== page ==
Peony’s have to be my favorite flower. Huge blossoms, wide variety of styles – double, fancy, they have an antique look to them that looks great in still life photographs. The plants themselves look great as foliage and especially as a small hedge row. They can be divided but they don’t like to be moved around, often they can take up to two years to bloom after being moved.
The peony is named after Paeon (also spelled Paean), a student of Asclepius, the Greek god of medicine and healing. Asclepius became jealous of his pupil; Zeus saved Paeon from the wrath of Asclepius by turning him into the peony flower.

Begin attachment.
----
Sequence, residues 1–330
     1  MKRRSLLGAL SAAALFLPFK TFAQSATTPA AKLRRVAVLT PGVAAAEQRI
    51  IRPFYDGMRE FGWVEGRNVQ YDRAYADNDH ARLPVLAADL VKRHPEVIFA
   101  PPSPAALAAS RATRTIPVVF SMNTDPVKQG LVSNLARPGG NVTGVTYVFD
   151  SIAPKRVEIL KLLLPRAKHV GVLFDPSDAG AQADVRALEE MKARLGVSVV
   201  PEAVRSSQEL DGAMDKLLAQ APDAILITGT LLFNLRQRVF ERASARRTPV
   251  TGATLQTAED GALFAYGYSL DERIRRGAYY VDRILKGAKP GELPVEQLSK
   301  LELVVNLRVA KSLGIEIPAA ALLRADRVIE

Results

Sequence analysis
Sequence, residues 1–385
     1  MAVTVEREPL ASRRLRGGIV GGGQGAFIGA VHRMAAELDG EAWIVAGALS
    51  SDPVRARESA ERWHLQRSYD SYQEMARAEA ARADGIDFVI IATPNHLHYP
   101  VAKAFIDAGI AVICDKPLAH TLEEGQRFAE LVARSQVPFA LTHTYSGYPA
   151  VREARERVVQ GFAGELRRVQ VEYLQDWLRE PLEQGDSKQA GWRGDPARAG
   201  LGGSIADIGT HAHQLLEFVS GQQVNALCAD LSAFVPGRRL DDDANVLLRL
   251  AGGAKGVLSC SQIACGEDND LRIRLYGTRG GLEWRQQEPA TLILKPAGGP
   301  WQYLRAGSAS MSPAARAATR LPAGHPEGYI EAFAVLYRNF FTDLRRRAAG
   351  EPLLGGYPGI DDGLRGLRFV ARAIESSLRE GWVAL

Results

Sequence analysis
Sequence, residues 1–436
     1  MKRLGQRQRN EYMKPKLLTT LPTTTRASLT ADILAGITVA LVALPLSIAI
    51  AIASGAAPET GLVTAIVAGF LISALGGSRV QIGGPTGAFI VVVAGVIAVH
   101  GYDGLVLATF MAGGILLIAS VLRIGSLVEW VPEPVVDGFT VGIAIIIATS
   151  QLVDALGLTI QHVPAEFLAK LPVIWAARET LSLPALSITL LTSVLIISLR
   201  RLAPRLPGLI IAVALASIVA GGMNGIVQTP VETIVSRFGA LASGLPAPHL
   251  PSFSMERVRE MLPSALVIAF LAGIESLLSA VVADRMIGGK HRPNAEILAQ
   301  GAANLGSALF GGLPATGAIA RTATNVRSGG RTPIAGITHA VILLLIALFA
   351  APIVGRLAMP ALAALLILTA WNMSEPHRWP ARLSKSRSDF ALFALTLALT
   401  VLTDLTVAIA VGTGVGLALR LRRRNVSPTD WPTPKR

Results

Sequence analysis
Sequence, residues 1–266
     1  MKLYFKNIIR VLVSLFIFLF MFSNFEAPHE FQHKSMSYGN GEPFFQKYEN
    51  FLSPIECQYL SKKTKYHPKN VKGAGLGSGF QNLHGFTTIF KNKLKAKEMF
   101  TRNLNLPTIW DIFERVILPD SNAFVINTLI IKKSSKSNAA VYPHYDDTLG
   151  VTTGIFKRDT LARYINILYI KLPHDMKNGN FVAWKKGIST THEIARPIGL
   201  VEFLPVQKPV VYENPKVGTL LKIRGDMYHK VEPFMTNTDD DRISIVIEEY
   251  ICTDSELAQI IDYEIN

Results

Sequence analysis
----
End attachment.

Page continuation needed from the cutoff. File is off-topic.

Herbaceous and Itoh peonies are propagated by root division, and sometimes by seed. Tree peonies can be propagated by grafting, division, seed, and from cuttings, although root grafting is most common commercially. 
Herbaceous peonies such as Paeonia lactiflora, will die back to ground level each autumn. Their stems will reappear the following spring. However tree peonies, such as Paeonia suffruticosa, are shrubbier. They produce permanent woody stems that will lose their leaves in winter but the stem itself remains intact above ground level. How you plant your peony will depend on which type you have.